Elaine Thompson Beats Fraser-Pryce; Strikes Gold In Rio

RIO DE JANEIRO, BRAZIL – Elaine Thompson of Jamaica blasted to a stunning time of 10.71 to win the women’s 100m at Rio 2016 – dethroning her compatriot and training partner Shelly-Ann Fraser-Pryce, who finished third.

Thompson, who entered the Olympic Games with the fastest time in the world this year, flashed to a time of 10.71 seconds to pull away from the field in the closing metres and win the gold inside the Olympic Stadium on Saturday night.

The 24-year-old finished ahead of American sprinter Tori Bowie, who caught Fraser-Pryce on the line to take the silver in 10.83, while the two-time defending champion took the bronze in 10.86.

Fraser-Pryce was hoping to win a third successive women’s 100m Olympic title, but found her training partner too hot to handle.

European champion Dafne Schippers from the Netherlands, a strong gold medal contender in the pre-Olympic predictions, faded badly to fifth place in 10.90.

Another medal contender, English Gardner of USA, who ran 10.74 at the American Trials, was only fifth in Rio in 10.94 seconds.

Trinidad and Tobago’s Michelle-Lee Ahye clocked 10.92secs for sixth place, while Christania Williams of Jamaica slowed down and was last in 11.80.

Great Britain’s Mo Farah completed half of his Rio 2016 objectives, after the London 2012 Olympic champion joined the ranks of men who have successfully defended their 10,000m title.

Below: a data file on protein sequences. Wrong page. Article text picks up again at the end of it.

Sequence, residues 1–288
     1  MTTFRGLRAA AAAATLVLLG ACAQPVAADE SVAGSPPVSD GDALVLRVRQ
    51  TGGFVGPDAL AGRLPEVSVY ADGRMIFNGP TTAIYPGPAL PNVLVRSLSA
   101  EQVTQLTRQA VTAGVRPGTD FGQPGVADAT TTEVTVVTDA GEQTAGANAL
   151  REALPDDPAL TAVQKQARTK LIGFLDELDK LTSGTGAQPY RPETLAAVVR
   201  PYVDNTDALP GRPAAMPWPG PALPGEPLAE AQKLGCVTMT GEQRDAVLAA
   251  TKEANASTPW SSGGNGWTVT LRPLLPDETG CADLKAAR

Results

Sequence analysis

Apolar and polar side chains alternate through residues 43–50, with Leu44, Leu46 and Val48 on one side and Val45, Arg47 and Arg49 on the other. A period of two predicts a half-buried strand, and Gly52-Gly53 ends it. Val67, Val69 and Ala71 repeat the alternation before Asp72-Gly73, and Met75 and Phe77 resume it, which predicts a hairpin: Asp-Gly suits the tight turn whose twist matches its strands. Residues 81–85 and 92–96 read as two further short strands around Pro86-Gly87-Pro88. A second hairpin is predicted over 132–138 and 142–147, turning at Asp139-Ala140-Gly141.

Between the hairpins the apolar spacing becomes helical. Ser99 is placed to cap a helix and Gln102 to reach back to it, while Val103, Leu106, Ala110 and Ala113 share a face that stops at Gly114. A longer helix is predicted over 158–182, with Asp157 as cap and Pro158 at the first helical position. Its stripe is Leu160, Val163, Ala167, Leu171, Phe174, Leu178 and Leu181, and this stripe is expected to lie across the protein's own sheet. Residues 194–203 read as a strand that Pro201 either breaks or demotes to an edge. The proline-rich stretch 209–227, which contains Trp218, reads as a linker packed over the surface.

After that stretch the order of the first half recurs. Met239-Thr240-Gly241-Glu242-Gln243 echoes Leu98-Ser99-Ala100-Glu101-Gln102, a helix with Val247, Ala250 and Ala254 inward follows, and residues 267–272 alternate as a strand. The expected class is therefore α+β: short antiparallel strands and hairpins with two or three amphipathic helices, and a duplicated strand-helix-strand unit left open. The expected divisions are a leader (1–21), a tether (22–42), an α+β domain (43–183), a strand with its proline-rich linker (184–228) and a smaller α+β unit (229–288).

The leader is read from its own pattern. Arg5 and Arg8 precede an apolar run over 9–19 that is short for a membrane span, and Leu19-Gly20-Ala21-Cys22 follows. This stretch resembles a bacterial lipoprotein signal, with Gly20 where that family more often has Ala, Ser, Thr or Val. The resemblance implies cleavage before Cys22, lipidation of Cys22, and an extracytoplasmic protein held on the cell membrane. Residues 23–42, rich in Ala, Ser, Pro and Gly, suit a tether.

Farah, who recovered from a tumble halfway in the race, after he was accidental clip by his training partner, Galen Rupp of USA, kept his composure and recovered well to run 27:05.17 for the gold medal on Saturday night.

“I thought about all my hard work, and that it could all be gone in a minute,” said Farah, who gave Rupp a thumbs-up when the American came back to check on him.

“I wasn’t going to let it go. I got up quickly.”

Kenya’s Paul Tanui, who battle with Farah until the defending champion finally pulled away in the home stretch, picked up second in seasonal best of 27:05.64, while Ethiopia’s Tamirat Tola secured the bronze medal in 27:06.26.

In other results, Belgium’s 21-year-old Nafissatou Thiam set a national record of 6810 points win the heptathlon and became the first Belgian woman to win an Olympic title since Tia Hellebaut in 2008.

Defending champion Jessica Ennis-Hill took the silver with 6775pts and Canada’s world indoor champion Brianne Theisen-Eaton finished with a bronze with a mark of 6653pts.

US champion Jeff Henderson produced a last round effort of 8.38m to snatched the gold medal from South Africa’s Luvo Manyonga (8.37m) in the men’s long jump.

Defending champion Greg Rutherford of Great Britain was third with an effort of 8.29m.

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